Honestly, the first time we went, I thought, “Oh Lord, anywhere but the burn ward.” I do not enjoy even mild descriptions of anything related to my body. I like that it keeps working. In fact, I loved all the abstract theory of things in biology class. But please don’t go into any details about things like bones and blood and tissue or show me how things work with an actual body.
So when our church Bible study decided to visit government hospitals with Zanini Bantwana on Sundays, I was quite glad that we’d be playing games and telling stories to the more active “social cases” who are stuck in hospital for a long time because their home situation might not be conducive for their full recovery.
But when you arrive at a government hospital, you cross a threshold into a world where you don’t have much control. It’s a world where a child might come in to hospital for a procedure, and end up staying for months (or a year!) because of complications, or because their family can’t help them convalesce. It’s a world where major public holidays like Christmas mean staff probably won’t show up—so if you’re sick, too bad, stay home until holidays are over. It’s a world where you might be completely separated from your family—because they live an hour away, and to visit you daily costs too much (and they can’t afford to miss work).
Hospitals are already scary places at the best of times. Aside from the anxiety around the fact that your body isn’t working right, there’s alien metal things, and shiny tile floors that are decidedly un-home-like, and then doctors who probably don’t speak your language (and if they do, you don’t understand their medical jargon anyway) and fluids and needles and things are stuck into you… and at the worst of times, you’re going through this all alone. And then, if you start feeling even a little bit better, it’s impossibly boring. There are no toys, no games, sometimes a TV set on WWE wrestling for the adults to watch. Not a fun place.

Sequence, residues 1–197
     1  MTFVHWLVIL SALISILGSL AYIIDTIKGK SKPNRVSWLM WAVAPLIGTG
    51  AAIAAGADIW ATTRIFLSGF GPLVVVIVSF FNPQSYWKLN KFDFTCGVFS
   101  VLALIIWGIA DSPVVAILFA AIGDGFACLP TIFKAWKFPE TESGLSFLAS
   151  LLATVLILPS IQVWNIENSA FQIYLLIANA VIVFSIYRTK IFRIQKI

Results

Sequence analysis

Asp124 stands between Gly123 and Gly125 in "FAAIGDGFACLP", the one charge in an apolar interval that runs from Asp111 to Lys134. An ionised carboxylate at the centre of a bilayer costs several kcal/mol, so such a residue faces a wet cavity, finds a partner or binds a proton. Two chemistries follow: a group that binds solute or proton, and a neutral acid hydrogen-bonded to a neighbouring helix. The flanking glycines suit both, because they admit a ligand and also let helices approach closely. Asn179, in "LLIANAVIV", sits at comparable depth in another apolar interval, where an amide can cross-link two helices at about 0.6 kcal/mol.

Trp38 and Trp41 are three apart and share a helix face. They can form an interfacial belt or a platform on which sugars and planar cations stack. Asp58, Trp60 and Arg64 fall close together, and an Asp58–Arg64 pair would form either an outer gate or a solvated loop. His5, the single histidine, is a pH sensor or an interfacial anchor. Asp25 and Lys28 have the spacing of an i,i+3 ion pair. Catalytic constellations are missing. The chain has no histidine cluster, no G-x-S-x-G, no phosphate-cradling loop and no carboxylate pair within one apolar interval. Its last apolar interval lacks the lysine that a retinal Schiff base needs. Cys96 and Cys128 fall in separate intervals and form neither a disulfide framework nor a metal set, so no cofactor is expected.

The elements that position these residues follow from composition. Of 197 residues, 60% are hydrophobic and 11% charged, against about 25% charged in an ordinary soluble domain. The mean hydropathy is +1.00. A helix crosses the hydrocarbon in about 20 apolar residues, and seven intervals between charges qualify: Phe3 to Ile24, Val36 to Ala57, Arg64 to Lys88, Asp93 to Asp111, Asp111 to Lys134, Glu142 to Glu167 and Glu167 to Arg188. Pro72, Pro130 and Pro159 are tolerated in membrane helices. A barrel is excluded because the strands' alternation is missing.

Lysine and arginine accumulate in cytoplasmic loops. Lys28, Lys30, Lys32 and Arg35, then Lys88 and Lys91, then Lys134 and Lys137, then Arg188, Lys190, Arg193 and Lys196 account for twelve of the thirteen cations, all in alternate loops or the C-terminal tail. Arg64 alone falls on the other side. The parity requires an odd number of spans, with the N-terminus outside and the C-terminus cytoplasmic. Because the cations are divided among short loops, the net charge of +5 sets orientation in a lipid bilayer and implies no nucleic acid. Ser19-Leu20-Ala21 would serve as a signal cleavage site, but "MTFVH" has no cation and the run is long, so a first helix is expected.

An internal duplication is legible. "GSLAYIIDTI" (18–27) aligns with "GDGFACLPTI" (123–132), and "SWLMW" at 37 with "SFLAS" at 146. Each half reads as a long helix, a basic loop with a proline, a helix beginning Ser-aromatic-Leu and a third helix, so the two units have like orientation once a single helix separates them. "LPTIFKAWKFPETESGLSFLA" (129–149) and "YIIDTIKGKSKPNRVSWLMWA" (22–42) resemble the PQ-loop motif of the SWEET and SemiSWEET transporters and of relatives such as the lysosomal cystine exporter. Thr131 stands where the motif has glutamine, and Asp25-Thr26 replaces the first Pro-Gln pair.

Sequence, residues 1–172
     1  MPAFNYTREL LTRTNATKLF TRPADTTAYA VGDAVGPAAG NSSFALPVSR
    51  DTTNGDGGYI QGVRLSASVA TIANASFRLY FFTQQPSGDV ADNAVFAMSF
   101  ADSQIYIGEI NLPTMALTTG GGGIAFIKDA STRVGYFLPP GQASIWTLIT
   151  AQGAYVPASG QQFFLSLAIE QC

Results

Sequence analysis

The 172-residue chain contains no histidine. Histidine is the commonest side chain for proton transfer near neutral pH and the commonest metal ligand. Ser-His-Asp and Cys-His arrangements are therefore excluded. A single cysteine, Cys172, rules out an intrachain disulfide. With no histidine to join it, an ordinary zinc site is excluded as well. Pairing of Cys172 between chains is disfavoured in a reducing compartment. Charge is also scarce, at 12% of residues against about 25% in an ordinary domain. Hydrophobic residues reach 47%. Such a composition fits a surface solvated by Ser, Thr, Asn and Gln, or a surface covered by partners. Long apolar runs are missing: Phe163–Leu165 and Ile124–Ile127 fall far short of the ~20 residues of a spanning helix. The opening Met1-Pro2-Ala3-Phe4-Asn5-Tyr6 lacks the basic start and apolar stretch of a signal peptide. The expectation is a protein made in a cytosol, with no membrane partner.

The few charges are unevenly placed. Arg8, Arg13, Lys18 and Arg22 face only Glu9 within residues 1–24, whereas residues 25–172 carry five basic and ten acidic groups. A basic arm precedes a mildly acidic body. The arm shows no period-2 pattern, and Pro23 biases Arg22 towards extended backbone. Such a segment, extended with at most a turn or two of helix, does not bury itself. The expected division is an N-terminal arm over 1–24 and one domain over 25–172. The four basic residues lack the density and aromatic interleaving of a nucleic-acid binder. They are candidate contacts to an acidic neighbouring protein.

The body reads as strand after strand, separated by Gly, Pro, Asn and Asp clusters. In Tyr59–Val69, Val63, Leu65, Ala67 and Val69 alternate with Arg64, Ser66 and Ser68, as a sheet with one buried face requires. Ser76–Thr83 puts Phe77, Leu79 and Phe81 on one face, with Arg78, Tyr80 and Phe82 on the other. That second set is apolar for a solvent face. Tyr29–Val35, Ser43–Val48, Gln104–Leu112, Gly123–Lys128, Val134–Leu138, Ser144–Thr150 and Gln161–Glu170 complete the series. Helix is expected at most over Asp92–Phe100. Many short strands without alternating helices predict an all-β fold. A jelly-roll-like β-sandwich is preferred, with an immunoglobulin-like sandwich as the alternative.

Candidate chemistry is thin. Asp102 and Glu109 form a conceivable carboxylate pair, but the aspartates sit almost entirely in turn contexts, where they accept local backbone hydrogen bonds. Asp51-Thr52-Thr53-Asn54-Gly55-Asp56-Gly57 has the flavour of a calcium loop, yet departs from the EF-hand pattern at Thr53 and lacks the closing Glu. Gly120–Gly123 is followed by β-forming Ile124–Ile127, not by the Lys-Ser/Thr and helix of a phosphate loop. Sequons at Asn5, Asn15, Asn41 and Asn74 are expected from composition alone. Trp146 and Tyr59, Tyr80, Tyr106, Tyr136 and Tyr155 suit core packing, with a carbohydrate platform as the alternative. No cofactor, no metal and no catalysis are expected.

That’s why what Zanini Bantwana does is so cool. Their staff team visits children in the hospitals every day, bringing games and toys, just sitting and holding the hands of children who are too weak or in too much pain to play, praying for the kids, and as their name means in isiZulu, (come children), welcoming children towards Jesus. The Jesus who will be with them when life is unpredictable, when their family is far away, or when they feel alone.
So, when we entered the unpredictable world of the hospital, we found out there weren’t any social cases, so we’d go to the next ward with the most children, and that day, it was the burn ward. And I didn’t realize how joy and life and fun there could be in the burn ward, how balloon animals and a chance to strum a guitar for themselves could bring so many smiles (note: balloons+whitepeople hair= static electricity and major laughs). Sure, there were some funny hospitally smells coming from the bandaged hands and feet and in some cases whole bodies. There were children under tents, with just their faces sticking out. Last week there was a girl who was badly burned all over her body just crying because of pain, and her mom who was visiting her that day had to walk away, because she felt so bad there was nothing she could do. But that same girl was also so brave that she got out of bed and made her way down to the end of the ward where children were gathering for songs and a Bible story (her feet were the only part of her body not burned). Sometimes there were missing limbs. Sometimes you would meet the mother, and see that her whole body was also completely scarred from massive burns. Mostly burns that happen because we live in a country where some people don’t have adequate electricity, and depend on gas heaters, paraffin stoves, unsteady portable gas burners, or candles and fires for light, heat, and cooking, and it’s much more likely for accidents to happen. And now that it is winter, there will be more and more burn cases.